The War Lovers: Roosevelt, Lodge, Hearst, and the Rush to Empire, 1898 - Evan Thomas During the Iraq war, political pundits often compared the quagmire there to the war in Vietnam. The better comparison, however, was the Spanish-American War of 1898.

In the lead up to that war, a cabal of wealthy oligarchs espoused the need for a war to bolster America’s image and begin the country’s empire building. In the Iraq war, a cabal of wealthy oligarchs – in this case the Project for a New American Century ­which provided most of President George W. Bush’s cabinet – urged a war with Iraq to promote an American “hegemony” over the Middle East.

In both conflicts, false intelligence played a major role in stirring up war fever. In 1898, Americans were fed stories of Spanish atrocities (mostly false) and were told the USS Maine was blown up by Spanish terrorists (she was actually destroyed by an internal fire that ignited a powder magazine). In 2003, Americans were fed stories about Iraq’s weapons of mass destruction (already wiped out by Operation Desert Crossing during the Clinton administration) and that Saddam Hussein was tied in with Osama Bin Laden (false).

Both conflicts, after quick initial victories, resulted in the U.S. being bogged down in long-term insurgencies. (When the U.S. decided to annex the Philippines as a colony after liberating it from the Spanish, the Filipino “insurrectos” rose up in arms. The resulting conflict lasted well into the new 20th century, cost both sides thousands of lives, and became very unpopular with the American people.)

It is no wonder then that reading Evan Thomas’ The War Lovers: Roosevelt, Lodge, Hearst, and the Rush to Empire, 1898 seemed more like reading recent history than reading about a war that was fought more than 100 years ago.

Thomas’ well-researched book delves into the lives of the men most responsible for leading the country to war: Theodore Roosevelt, whose only concept of war were tales of glory from the Civil War; Henry Cabot Lodge, who saw the United States as an emerging empire; and William Randolph Hearst, the yellow journalism kingpin and dandy who saw war as a way to sell more newspapers and buff up his own manhood.

Thomas avoids many of the mistakes common among historians. His writing is clear, concise, entertaining, and easily digestible. The reader comes to know the men behind the history not as some distant historical figures but as real individuals, with all their flaws and deceits, and in the end, their sense of failure.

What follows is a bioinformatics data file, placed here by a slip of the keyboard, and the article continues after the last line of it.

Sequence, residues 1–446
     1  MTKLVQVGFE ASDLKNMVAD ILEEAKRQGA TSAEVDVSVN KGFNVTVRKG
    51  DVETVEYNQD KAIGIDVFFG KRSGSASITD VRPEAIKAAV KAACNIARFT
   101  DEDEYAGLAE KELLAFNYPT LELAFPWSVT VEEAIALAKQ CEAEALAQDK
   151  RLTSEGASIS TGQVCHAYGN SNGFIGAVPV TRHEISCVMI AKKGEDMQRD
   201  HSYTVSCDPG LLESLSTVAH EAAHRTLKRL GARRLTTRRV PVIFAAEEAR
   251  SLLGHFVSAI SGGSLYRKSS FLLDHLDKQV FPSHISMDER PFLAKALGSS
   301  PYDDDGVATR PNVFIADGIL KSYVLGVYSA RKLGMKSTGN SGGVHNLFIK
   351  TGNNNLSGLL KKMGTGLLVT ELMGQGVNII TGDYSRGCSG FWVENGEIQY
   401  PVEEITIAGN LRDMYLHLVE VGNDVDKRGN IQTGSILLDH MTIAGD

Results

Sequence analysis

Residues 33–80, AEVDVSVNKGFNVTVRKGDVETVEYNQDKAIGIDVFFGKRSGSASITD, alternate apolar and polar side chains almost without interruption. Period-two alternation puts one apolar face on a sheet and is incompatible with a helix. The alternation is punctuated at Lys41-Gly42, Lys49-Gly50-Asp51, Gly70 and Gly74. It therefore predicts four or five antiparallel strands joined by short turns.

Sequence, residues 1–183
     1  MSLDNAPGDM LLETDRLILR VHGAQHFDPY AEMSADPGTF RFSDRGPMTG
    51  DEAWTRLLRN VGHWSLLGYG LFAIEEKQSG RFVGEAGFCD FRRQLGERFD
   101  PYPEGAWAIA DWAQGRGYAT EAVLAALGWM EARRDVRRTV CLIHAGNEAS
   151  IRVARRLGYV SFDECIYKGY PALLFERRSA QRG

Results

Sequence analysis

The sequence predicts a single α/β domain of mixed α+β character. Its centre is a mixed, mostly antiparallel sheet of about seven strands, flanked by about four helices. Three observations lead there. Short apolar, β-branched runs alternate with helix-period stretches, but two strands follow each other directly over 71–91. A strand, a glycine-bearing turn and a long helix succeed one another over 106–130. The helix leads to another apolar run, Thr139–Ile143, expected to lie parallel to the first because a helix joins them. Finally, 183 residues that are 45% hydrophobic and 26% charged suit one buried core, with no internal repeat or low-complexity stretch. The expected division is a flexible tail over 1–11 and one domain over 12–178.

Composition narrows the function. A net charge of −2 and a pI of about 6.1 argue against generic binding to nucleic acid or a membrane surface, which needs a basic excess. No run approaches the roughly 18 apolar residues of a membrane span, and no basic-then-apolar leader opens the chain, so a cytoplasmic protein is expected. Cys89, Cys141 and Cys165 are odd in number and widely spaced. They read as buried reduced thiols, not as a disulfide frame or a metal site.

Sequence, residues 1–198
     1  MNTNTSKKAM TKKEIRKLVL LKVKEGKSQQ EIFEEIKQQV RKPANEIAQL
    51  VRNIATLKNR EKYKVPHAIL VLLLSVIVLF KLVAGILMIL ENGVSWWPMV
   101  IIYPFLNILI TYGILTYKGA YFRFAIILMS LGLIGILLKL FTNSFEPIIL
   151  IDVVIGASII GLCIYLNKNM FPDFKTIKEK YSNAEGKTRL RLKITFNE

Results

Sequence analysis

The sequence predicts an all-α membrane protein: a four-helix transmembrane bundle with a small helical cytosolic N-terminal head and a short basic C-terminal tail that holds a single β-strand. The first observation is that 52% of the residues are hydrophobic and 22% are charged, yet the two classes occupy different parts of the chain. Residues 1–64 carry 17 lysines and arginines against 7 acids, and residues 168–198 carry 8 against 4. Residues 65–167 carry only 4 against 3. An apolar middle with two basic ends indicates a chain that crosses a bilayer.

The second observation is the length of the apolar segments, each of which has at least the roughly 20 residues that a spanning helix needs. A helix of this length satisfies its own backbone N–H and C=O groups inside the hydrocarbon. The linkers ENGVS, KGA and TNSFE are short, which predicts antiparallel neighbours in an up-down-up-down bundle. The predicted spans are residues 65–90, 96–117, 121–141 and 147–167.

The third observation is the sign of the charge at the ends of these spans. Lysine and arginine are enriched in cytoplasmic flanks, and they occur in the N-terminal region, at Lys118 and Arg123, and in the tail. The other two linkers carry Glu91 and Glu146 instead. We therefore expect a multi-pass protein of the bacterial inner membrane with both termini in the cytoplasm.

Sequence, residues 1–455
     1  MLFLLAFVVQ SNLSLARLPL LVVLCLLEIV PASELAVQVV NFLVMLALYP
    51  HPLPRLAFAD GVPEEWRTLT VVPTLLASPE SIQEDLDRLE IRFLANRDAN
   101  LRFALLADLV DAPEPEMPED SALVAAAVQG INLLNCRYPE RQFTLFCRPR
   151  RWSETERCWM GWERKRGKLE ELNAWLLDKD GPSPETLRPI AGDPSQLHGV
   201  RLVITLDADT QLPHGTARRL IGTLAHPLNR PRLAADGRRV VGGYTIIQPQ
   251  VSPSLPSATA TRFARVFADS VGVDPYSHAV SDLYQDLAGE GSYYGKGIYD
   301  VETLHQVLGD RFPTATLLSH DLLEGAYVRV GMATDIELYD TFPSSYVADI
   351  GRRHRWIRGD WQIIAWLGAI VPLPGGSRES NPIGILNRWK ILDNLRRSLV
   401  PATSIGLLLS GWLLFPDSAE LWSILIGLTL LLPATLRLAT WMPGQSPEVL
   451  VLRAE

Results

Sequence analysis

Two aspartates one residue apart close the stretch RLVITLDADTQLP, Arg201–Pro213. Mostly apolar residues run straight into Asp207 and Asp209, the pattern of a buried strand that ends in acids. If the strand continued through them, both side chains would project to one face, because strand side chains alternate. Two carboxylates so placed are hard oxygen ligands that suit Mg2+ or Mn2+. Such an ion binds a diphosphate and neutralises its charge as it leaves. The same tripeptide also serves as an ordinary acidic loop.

There is only one hero in this book, and he did not charge up a hill in Cuba. He is Thomas reed, the politically powerful Speaker of the House who tried desperately to prevent the war, sacrificing his political career in the process.

Night Fall

Night Fall - Nelson DeMille As of this writing, it has been 17 years since TWA Flight 800 exploded in mid-air and fell into the ocean off the coast of New York, killing all 230 passengers and crew aboard. A large-scale government investigation determined a stray spark in an empty mid-section fuel tank ignited fumes, resulting in a blast that tore the airliner in two. Despite that conclusion and the passage of years, the fate of the TWA 747-100 jumbo jet is still debated. Just this past July, a documentary film was released alleging the government’s conclusion was a conspiracy to cover-up the fact the jet was brought down by a missile fired by terrorists.

I’ve never been part of the TWA 800 conspiracy crowd, but after reading Night Fall, author Nelson DeMille’s fictional though well-researched account of the disaster, I can’t help developing my own doubts about the government’s findings.

It’s 2001, five years after the airliner’s lost. DeMille’s wise-cracking New York cop turned FBI anti-terrorist contract agent, John Corey, tries to reopen the investigation into the tragedy at the urging of his FBI agent wife, Kate Mayfield, who worked on the crash investigation. Like many of those who worked on the case, Kate was never satisfied with the government’s conclusion. There were, after all, more than 200 eye witnesses who swore they saw a missile streak toward the aircraft just before it exploded.

Corey pursues a rumor that an adulterous couple videotaping their beach side love-making may have captured moment of the explosion. FBI agents have been warned to not pursue any more leads in the cause of the disaster, but Corey is not known for following orders. The bureaucratic hornet’s nest stirred up by his quest raises the specter of a massive, criminal cover-up. As he draws closer to finding the couple who made the videotape, it becomes obvious Corey has few people he can trust in federal law enforcement, so he turns to his NYPD buddies for help. Night Fall builds to a taut and ultimately heart-wrenching conclusion.

In writing Night Fall, DeMille had to walk an emotional tight rope. A lesser writer might have sensationalized this story. Instead, DeMille developed a plot line that stayed as close to the actual facts as possible, while still developing a story rich in tension, humor, and heartbreak. You will be thinking about this novel long after you finish reading it.